Chief among these is the dérive, a sort of semi-structured walk through the urban landscape with which Debord invested the idea of flânerie with a new theoretical and political dimension, an essential tool for resisting the increasingly walker-unfriendly modern metropolis. “In cities that are increasingly hostile to the pedestrian,” Coverley writes, reflecting on the contemporary uses of psychogeography, “[walking] inevitably becomes an act of subversion. Walking is seen as contrary to the spirit of the modern city with its promotion of swift circulation.”
“The act of walking is an urban affair,” Coverley also notes, and he, Beaumont, and, to a lesser degree, Solnit, are concerned largely with urban walking, and specifically urban walking in London, Paris and New York in the 19th and early 20th centuries. This is the period that Solnit identifies as the golden age of walking, and these are the cities where it especially flourished. Interested in tracing the history of ambulation as one productively out of step with its time, Solnit finds this tendency chiefly in the “First World, after the industrial revolution … when walking ceased to be part of the continuum of experience and instead became something consciously chosen,” and herself chooses this as the necessary focus for exploring the politically-charged aspect of walking.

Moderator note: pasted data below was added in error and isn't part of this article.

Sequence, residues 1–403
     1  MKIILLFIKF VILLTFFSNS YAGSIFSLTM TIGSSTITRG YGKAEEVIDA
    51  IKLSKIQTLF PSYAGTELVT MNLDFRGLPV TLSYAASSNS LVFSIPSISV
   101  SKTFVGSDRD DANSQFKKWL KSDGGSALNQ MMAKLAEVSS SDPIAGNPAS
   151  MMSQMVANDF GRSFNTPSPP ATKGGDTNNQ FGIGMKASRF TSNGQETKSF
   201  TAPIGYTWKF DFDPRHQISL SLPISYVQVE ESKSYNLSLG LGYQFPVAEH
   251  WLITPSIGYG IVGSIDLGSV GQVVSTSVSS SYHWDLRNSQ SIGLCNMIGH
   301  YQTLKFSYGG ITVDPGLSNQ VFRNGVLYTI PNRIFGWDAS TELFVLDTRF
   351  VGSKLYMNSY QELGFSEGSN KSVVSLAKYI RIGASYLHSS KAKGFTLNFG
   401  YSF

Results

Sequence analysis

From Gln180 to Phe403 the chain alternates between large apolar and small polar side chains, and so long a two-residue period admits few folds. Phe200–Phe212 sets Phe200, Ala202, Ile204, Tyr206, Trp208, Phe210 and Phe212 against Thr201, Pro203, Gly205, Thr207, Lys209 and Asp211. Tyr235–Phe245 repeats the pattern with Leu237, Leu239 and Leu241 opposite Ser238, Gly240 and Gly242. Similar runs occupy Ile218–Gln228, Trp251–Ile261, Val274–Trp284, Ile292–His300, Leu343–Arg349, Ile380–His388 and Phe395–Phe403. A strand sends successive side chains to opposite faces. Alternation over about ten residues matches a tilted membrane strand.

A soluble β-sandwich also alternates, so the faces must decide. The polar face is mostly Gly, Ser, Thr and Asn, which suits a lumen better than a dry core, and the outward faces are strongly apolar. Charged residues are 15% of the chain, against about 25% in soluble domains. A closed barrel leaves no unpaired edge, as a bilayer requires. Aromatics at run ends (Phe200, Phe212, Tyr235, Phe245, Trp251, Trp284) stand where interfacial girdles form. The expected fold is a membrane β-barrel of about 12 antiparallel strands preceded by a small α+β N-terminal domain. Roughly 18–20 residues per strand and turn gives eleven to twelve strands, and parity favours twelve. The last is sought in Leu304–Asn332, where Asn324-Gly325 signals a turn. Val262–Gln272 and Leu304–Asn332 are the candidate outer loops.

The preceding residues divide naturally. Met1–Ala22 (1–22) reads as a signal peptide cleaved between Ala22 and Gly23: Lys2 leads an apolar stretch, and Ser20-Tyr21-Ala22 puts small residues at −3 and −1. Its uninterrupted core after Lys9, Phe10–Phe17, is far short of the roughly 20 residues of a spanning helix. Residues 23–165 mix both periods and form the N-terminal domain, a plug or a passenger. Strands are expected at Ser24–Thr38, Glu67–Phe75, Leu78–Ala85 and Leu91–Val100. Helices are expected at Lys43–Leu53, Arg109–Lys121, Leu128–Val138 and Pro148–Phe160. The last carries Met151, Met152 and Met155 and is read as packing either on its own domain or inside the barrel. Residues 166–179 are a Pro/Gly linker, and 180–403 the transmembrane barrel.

Similarly, Beaumont admits early on that his book will “[center] on the solitary male walker … the dominant metropolitan archetype in the literature on the ‘experience of modernity.’” Beaumont’s book is essentially a work of literary criticism in which he reads a handful of mostly British novels and stories from the 19th and early 20th century in terms of what they tell us about the practice of walking as an aspect of modernism. His aim is to take what is useful in these texts and reclaim it as part of an anti-capitalist tradition that can be applied to our current, increasingly distracted era.